Now, let’s get back into the tattoo part of this. Up until this point, tattoos were associated with criminals. It was hard for someone to escape their confines and go into hiding when they had the symbol for ‘SLAVE,’ ‘THIEF,’ or ‘MURDERER’ imprinted on their cheek. Although there was a period of time where tattoos were ceremonial and respected features, their usefulness outweighed this and they gained their negative connotation. Something changed when the samurai decided to take up tattooing.
Throughout history, the armor and weapons that samurai carried were worth a pretty penny. Samurai that were slain in battle often had their belongings stolen, either by fellow warriors or by people who scavenged the battlefields and hoped to increase their living by selling off the metal. One theory that draws a connection between samurai and their tattoos is that it was a means of identifying bodies after the armor and clothes had been stripped away.
Instead of having rings or jewelry that could be used as a toll in the afterlife, as was common in western sailors, the importance of the body took precedence. In many dominant religions of the region, the body is required for funerals. You are expected to perform certain rites a certain amount of time after the death, always in the presence of the dead body. For samurai who could be far from home, this was their way of ensuring that their family both knew of their demise and knew where their body was located.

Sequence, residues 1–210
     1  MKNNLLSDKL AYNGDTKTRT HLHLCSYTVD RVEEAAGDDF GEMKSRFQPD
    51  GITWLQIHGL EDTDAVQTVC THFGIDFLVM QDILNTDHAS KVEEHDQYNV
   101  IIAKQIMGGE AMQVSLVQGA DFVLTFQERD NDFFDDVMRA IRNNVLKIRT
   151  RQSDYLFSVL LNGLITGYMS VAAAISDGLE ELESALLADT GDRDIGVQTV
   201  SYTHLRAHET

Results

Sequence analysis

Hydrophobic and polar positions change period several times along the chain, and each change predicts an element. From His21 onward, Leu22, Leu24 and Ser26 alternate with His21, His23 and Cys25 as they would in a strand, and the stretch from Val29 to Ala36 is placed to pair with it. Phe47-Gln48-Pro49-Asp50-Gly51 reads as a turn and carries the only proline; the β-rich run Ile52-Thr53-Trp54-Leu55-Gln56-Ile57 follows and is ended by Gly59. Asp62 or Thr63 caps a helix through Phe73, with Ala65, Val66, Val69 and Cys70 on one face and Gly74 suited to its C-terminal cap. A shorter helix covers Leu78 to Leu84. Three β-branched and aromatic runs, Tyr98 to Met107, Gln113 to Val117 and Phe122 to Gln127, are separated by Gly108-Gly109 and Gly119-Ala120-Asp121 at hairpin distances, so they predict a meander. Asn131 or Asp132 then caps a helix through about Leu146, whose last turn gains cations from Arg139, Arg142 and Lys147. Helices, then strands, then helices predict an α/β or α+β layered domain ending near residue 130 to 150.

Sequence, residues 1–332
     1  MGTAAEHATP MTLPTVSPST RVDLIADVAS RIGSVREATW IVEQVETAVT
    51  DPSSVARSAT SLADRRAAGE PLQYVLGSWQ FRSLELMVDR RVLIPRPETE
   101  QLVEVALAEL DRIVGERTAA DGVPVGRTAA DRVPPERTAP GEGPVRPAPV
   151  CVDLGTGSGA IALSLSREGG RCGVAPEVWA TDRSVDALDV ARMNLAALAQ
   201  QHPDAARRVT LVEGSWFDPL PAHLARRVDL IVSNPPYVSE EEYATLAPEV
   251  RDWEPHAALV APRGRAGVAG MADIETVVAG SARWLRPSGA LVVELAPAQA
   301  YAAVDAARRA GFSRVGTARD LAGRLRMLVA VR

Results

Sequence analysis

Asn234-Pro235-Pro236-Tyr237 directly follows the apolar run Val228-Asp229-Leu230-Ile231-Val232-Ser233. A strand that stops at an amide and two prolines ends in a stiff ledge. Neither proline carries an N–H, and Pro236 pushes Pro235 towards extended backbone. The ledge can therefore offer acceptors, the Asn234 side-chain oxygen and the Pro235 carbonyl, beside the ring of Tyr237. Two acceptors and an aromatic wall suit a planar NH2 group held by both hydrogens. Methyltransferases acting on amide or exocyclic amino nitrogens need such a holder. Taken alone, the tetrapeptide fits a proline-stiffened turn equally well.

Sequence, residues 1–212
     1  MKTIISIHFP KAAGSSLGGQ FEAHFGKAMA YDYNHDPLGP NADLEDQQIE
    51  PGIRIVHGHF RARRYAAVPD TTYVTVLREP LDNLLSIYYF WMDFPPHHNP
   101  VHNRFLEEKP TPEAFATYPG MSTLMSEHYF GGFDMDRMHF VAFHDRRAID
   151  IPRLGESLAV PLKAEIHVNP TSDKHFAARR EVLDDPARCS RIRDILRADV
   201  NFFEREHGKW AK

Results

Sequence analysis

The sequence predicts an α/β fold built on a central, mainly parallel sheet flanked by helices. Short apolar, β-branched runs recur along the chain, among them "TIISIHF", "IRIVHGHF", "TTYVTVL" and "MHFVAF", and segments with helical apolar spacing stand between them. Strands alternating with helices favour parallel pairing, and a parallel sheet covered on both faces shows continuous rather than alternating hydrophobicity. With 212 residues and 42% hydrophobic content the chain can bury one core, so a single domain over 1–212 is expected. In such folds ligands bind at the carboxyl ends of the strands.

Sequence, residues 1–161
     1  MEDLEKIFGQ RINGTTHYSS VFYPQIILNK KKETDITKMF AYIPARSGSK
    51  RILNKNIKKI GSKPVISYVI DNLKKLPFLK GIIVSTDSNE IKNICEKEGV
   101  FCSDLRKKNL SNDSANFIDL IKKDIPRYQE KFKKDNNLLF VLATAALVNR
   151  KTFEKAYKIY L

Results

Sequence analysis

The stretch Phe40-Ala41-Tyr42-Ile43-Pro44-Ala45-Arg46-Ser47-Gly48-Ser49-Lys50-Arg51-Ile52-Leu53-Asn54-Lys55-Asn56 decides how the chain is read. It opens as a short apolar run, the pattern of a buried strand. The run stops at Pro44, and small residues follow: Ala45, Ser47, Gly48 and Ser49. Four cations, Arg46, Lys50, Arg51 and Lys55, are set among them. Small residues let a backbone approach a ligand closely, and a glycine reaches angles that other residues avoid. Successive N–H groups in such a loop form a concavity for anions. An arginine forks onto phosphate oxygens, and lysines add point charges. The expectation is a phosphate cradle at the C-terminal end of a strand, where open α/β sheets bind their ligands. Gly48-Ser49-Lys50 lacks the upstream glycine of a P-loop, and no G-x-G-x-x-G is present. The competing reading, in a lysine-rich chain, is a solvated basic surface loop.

Now, I could go into full detail of the samurai for several periods after that, but all you really need to know is that they were a respected rank among the Japanese that commanded power, wealth, and strength…until the Meiji era (roughly 1873). The samurai were forced to disband during this time, and they were no longer permitted to carry their weapons. Blacksmiths who had previously relied on samurai for their work were limited to creating a certain amount of blades, and those who owned them could only use them as decoration. They were no longer nobles—they were relegated to war veterans, and not permitted to pass on their millennia-old traditions and fighting styles.
From Samurai to Yakuza
Some of them went on to become businessmen, scholars, and poets—after all, they were the most literate class in all of Japan. Others went on to enlist in the new, modernized army—which exists to this day.